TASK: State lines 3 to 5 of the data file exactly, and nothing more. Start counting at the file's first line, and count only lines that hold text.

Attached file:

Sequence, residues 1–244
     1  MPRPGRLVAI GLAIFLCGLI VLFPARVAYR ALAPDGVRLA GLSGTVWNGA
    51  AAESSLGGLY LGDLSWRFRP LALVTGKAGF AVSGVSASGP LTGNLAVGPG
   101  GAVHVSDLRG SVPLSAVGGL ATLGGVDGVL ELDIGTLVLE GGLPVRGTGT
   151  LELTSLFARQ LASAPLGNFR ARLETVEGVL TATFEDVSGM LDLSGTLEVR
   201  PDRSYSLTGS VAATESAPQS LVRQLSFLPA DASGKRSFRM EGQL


    51  AAESSLGGLY LGDLSWRFRP LALVTGKAGF AVSGVSASGP LTGNLAVGPG
   101  GAVHVSDLRG SVPLSAVGGL ATLGGVDGVL ELDIGTLVLE GGLPVRGTGT
   151  LELTSLFARQ LASAPLGNFR ARLETVEGVL TATFEDVSGM LDLSGTLEVR